Indian tigers are biggest attraction but two tigresses have made the country proud by showing amazing grit in coping with the pressures of being in the wild. An orphan tigress in Madhya Pradesh (MP) has successfully adopted the wild habitat, unlike her male companions, a global first. The second was the 15-year-old tigress in Rajasthan, who had earned the tag of being the oldest breeding big cat in the world.
The MP forest department relocated a five year-old tigress from Kanha, where she was in an enclosure with her two brothers since 2006 after death of their mother, to Central Indian tiger reserve, Panna, about 200 kms away.
“When we spotted the three cubs we thought whether they would be able to return back into the wild or not,” said MP’s Chief Wildlife Warden B S Pabla.
The thought laid the foundation of a unique experiment. An enclosed wildlife area was set up for the cubs to grow in a forest habitat under supervision of experienced foresters. About three years ago they were allowed to hunt the prey released in the enclosure like other tigers. “The tigress did well but the tigers didn’t,” Pabla said.
The male tigers were sent to Bhopal zoo and the tigress returned to freedom in Panna forests, better known for its diamonds. A week in the wild has been tough for her but she is doing well. “She has started hunting like any other tiger born and brought up in the wild,” said forest department official.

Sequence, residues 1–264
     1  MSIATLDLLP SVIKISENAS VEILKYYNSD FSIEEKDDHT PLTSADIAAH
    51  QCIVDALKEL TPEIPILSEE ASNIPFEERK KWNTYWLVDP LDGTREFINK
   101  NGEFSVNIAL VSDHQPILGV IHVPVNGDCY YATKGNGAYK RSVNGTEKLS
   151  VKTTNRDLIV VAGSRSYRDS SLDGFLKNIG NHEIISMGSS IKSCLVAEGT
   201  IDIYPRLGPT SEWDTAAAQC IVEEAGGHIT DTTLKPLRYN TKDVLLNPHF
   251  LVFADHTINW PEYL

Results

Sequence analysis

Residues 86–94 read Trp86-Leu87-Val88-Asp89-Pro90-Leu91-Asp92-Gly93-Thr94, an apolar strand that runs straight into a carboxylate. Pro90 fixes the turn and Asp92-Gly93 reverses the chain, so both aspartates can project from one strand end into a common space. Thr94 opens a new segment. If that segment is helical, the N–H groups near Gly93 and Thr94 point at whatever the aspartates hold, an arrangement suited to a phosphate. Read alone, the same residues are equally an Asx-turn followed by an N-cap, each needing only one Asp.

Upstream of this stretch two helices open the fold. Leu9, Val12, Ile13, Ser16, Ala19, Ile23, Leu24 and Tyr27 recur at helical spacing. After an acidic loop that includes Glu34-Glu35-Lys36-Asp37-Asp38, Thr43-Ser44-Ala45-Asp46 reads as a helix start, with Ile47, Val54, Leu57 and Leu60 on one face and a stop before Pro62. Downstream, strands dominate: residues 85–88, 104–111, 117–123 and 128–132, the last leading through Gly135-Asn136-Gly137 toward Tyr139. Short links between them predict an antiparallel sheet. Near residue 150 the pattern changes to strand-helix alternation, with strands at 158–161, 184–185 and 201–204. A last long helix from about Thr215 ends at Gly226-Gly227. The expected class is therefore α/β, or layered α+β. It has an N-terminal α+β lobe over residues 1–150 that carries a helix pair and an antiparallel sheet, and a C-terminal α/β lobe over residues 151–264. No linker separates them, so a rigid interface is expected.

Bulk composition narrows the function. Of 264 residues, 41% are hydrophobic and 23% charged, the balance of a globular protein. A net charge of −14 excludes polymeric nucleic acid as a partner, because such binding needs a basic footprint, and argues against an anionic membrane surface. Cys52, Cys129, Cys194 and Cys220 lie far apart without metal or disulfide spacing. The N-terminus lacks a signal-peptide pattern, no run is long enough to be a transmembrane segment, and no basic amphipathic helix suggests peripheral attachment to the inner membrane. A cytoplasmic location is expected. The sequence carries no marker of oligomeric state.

The other tigress about 500 kms in west in Ranthambore in Rajasthan is in the global reckoning for altogether different reason. Being the oldest breeding tigress in the world and still occupying the core area of ’s oldest tiger reserves among the notified 39 big cat homes.
“It is unusual that a tigress of her age is still breeding and is hale and hearty,” said R N Mehrotra, Rajasthan’s Chief Wildlife Warden. A tigress normally breeds till an age of 12 or13.
The tigress had seen a lot in Ranthambore where in the last 15 years the tiger population has dwindled to less than a dozen from 35. As per the latest estimation, there number is close to 30. “Her story is also that of the Indian tigers,” said Qamar Qureshi, a Wildlife Institute of India’s scientist, after releasing the new estimation of 1,706 tigers in India.